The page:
Thoroughbred breeding in Pennsylvania
As a state with deep horse racing roots, there’s always a steady flow of Thoroughbred talent running through Pennsylvania. Over the years, Pennsylvania has produced some truly special horses, like Smarty Jones, who won the Kentucky Derby and the Preakness Stakes in 2004, and Storm Cat, who sired 108 Graded Stakes winners.
View the Pennsylvania Horse Breeders Association
View the 2019 Thoroughbred Stallion & Boarding Directory
Pennsylvania Thoroughbred breeder incentives
Pennsylvania is home to the best Thoroughbred breeding incentives in the country. The numbers make it clear — it pays to breed and race in Pennsylvania. In 2017, the PHBA Breeding Fund distributed $30 million in awards, owner bonuses and restricted race purses. If you’d like to learn more about breeding and owning Pennsylvania-breds, please contact Executive Secretary Brian Sanfratello by phone at 610.444.1050 or by email at email@example.com. You can also visit pabred.com any time for additional information.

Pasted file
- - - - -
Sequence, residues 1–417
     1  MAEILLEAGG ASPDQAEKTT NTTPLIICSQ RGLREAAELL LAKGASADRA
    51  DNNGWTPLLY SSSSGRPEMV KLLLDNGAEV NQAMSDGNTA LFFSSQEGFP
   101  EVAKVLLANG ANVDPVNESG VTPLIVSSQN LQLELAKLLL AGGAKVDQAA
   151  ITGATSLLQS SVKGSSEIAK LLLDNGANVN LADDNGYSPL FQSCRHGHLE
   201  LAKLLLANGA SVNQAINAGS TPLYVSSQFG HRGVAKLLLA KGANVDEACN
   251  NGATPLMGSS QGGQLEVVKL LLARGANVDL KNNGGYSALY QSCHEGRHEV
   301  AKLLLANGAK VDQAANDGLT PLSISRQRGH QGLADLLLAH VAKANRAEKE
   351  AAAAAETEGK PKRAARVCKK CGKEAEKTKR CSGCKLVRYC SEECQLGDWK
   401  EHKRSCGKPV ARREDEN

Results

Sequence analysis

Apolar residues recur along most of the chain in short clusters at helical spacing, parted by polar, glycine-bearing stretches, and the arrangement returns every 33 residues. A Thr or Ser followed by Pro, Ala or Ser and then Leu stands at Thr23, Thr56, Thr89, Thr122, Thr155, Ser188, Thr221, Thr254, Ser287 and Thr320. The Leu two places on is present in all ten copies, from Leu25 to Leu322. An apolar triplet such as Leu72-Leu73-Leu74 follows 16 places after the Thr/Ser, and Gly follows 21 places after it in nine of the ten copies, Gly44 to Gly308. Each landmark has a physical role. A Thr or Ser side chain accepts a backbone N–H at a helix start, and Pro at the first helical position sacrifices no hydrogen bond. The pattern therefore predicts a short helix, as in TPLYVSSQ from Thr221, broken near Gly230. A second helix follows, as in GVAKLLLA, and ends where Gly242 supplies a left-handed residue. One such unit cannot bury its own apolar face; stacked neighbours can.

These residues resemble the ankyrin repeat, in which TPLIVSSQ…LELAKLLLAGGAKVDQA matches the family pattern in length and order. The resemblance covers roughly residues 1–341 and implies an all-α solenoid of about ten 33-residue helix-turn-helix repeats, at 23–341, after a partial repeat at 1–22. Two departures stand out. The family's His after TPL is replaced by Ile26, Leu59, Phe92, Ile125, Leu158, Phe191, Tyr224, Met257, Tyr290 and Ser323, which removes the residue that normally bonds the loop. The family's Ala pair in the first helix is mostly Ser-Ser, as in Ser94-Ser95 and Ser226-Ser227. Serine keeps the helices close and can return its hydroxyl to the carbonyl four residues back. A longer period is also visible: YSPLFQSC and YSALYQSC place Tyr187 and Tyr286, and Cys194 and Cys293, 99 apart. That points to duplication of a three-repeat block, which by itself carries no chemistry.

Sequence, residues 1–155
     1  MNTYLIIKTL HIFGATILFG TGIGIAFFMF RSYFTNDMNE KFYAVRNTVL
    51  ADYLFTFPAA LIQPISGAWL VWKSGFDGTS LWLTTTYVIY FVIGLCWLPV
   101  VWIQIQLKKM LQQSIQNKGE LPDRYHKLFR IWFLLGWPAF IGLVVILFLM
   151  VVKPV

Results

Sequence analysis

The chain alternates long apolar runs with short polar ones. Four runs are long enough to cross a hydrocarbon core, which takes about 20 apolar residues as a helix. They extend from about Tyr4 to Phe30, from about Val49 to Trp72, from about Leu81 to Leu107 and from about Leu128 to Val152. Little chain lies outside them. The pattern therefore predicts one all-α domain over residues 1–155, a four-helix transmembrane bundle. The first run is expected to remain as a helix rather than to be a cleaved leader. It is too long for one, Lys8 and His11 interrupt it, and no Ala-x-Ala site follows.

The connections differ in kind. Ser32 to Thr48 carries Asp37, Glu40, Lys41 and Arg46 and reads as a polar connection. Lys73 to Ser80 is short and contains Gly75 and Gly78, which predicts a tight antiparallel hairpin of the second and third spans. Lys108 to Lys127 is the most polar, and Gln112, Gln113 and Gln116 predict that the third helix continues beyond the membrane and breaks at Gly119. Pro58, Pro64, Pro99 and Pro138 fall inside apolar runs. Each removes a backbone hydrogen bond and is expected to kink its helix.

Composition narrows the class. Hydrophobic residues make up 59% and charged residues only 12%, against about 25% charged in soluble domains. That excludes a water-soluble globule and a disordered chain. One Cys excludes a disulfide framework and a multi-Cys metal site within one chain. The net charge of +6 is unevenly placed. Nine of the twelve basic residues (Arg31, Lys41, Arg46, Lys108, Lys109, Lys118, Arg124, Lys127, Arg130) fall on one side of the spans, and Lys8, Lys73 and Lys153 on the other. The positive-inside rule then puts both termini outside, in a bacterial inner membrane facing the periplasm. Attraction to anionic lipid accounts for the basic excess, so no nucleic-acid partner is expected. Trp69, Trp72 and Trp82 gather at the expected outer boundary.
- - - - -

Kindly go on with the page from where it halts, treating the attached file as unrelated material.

How do Thoroughbred horses get their names?
One of horse racing’s most iconic traits is its creative horse names — but there is a method to the madness, and quite a bit of regulations as well. Every name (roughly 40,000 entries per year) must pass The Jockey Club’s rules. Basically, if the name is 18 characters and under, isn’t of a vulgar nature and hasn’t already been used or isn’t too similar to an already-used name, it’s fair game.
With over 400,000 names in existence at once, no wonder owners have to get so creative. Some classic naming strategies include blending the sire’s and the broodmare’s names, such as, “Camo” out of “Greenery” and “War Front.” Another popular style is going the more-serious, prestigious route, like “Commissioner.” And still others choose to go as off-the-wall as possible, like “Odor in the Court,” “Waikikamukau” and “Snoreen.” Some of Pennsylvania horses’ most memorably unique names include “Lil E. Tee,” “Alphabet Soup” and “Princess of Sylmar.”